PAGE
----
Doyel: The Colts are expected to hire Josh McDaniels ... why?

Gregg Doyel
New England Patriots offensive coordinator Josh McDaniels watches from the sideline during the second half of an NFL divisional playoff football game against the Tennessee Titans, Saturday, Jan. 13, 2018, in Foxborough, Mass.

INDIANAPOLIS – Josh McDaniels will get a second chance, but not a clean slate. That isn't how these things work, not for any of us. We get a clean slate just once, same as Josh McDaniels, and his came in 2009 when he was hired to coach the Denver Broncos. And in less than two years he spray-painted so much graffiti on there that the Broncos fired him for a variety of reasons, so take your pick: his abrasive personality, his horrific judgment of talent, his team’s penchant for losing games, or those broken NFL rules.

Here in Indianapolis, where Josh McDaniels is about to be entrusted with our city’s crown jewel – he’s expected to be the next head coach of the Indianapolis Colts – are we to pretend Denver didn’t happen?

Look, if that’s what you want to read, it won’t be hard to find. Someone, somewhere, will gloss over his disastrous Denver tenure – or take an eraser to history and argue something nobody can possibly know, that McDaniels learned from his mistakes in Denver and therefore will be much better with the Colts.

You’d like to think so. Colts general manager Chris Ballard clearly does think so. He believes Josh McDaniels 2.0 is no longer a virus, and that’s the only thing – Ballard’s approval – that makes me wonder if I’m wrong to hate this hire. And I do: I hate it. That sentence, this whole column, will go over well with McDaniels, won’t it?

Screw it. Let’s be real here, and let’s be fair, and this is both: Ballard is really, really good as a GM. He’s not perfect, nobody is, whiffing on one draft pick (fourth-round offensive tackle Zach Banner out of USC) and one free agent (receiver Kamar Aiken). But man oh man was Ballard good in his first go-around as Colts GM, nailing most of his free agent signees, several of his draft picks and his one big trade: receiver flop Phillip Dorsett to New England for quarterback revelation Jacoby Brissett.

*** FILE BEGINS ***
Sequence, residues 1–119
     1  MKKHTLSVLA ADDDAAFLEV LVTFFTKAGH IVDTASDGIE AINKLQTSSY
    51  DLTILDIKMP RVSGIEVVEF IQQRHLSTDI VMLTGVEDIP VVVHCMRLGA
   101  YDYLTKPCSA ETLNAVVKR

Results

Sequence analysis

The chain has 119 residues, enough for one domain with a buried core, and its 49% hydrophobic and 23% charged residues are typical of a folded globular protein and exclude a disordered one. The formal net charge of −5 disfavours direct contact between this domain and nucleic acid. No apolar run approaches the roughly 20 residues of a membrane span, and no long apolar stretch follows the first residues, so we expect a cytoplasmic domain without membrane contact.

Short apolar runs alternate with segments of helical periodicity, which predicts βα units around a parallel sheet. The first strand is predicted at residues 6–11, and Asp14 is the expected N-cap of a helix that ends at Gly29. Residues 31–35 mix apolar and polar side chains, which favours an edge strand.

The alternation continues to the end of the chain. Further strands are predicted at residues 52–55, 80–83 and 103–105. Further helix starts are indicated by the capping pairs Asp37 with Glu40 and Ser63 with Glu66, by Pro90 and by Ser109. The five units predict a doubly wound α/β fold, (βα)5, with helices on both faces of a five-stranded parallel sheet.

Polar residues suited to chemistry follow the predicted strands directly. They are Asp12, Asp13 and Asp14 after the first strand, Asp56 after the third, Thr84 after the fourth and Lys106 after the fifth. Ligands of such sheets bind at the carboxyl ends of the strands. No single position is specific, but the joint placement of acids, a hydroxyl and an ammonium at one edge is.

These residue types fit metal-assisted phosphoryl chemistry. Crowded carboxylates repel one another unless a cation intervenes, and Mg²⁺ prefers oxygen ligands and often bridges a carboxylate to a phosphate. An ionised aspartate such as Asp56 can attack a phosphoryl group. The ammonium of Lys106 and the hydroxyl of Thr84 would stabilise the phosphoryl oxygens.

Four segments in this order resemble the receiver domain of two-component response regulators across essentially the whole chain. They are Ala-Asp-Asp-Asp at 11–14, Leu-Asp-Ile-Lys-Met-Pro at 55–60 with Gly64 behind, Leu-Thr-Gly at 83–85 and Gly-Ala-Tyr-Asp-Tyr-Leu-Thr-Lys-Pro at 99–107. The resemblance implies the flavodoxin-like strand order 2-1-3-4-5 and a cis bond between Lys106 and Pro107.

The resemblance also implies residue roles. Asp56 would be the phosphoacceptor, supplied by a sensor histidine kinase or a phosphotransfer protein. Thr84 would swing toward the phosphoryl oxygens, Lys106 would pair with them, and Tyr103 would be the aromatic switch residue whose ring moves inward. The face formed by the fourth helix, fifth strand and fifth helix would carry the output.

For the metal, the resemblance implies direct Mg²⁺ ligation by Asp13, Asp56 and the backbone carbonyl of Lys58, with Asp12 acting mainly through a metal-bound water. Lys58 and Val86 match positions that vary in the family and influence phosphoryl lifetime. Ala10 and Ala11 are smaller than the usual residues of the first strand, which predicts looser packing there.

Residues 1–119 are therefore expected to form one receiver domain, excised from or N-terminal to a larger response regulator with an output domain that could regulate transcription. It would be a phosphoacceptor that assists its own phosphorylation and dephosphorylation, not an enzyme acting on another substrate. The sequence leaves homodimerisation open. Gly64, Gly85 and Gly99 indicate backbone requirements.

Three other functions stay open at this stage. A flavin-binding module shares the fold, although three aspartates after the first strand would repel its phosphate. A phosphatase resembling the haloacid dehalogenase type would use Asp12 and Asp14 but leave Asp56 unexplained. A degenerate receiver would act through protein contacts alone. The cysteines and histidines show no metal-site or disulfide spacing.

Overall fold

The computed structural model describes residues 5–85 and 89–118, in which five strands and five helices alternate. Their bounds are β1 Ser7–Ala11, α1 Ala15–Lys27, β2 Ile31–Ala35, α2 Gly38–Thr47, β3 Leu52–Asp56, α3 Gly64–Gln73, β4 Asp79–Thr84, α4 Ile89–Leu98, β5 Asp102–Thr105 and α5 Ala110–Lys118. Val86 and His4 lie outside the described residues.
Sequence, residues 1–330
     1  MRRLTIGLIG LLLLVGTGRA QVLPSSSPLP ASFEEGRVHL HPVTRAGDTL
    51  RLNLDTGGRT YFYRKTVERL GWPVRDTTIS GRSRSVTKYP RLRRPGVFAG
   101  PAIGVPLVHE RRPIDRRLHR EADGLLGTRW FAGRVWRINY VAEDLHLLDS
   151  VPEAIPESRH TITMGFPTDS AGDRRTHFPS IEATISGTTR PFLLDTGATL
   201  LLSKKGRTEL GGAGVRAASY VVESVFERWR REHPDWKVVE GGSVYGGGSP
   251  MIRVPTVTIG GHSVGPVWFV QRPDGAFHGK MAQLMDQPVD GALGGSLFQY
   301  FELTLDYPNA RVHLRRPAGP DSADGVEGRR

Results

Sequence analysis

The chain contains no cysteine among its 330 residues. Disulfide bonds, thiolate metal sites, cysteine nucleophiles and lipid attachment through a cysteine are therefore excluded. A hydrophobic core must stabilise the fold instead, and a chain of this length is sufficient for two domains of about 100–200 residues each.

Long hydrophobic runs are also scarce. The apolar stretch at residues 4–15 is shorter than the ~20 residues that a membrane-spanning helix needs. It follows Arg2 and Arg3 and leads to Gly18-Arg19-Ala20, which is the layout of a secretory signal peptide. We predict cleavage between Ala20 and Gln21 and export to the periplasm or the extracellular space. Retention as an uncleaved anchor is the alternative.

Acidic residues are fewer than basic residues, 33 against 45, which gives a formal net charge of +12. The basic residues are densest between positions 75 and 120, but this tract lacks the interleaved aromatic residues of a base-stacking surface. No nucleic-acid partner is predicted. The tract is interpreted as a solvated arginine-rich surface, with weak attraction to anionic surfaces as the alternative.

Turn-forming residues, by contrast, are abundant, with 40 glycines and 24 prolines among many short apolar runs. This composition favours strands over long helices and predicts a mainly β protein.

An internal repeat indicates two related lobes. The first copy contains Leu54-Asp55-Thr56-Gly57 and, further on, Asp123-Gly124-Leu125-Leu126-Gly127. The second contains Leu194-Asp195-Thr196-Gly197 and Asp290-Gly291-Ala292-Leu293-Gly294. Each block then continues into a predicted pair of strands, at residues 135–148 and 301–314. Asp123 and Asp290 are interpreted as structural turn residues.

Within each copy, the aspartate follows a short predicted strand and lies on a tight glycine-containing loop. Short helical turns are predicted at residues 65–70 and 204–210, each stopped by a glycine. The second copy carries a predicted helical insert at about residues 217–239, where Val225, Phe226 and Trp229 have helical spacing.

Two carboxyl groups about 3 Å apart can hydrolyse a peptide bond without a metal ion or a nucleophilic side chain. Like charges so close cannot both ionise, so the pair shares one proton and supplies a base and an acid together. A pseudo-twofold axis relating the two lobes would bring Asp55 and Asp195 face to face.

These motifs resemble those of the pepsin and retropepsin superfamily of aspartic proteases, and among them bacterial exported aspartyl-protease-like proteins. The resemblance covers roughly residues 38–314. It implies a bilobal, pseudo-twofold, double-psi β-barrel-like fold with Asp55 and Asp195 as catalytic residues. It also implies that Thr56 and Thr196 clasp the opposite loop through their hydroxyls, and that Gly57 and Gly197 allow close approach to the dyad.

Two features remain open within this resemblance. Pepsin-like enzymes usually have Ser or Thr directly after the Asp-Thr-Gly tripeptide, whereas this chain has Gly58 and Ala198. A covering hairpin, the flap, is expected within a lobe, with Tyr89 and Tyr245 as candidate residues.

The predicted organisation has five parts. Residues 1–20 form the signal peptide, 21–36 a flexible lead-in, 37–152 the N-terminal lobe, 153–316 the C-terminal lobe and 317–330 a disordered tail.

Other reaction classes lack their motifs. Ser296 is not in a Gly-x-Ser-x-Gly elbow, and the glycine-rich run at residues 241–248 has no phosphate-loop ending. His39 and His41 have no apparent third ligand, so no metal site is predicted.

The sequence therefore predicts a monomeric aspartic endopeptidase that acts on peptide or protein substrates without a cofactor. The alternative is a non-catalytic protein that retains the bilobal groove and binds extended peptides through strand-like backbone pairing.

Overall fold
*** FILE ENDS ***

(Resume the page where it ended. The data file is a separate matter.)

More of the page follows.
Chris Ballard thought Josh McDaniels was worth pursuing, and he wasn’t alone. McDaniels has been a coveted candidate on the current coaching carousel, interviewing with the Colts as well as the Chicago Bears and New York Giants, and for the last week Colts fans have been mostly in agreement on social media: We want McDaniels.

And I’m just like … why?

Yes, I’m aware, the Patriots offense led the league in scoring in 2007 and ’12 and ranked in the Top 10 in all nine of his seasons as New England’s offensive coordinator – 2006-08, and 2012-17 – but it’s like Barack Obama once said: You didn’t do that. And you didn’t, Josh McDaniels. Sorry, not sorry: But you did not.

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Tom Brady has been the quarterback in New England and Bill Belichick the head coach, forming a brilliant Hall of Fame sandwich around the filling that is Josh McDaniels.

Is McDaniels empty calories, or is he brilliant himself? Well, fair is fair: He was OC in 2008 when Brady was injured in the season opener, and someone named Matt Cassel quarterbacked the Patriots to an 11-5 season.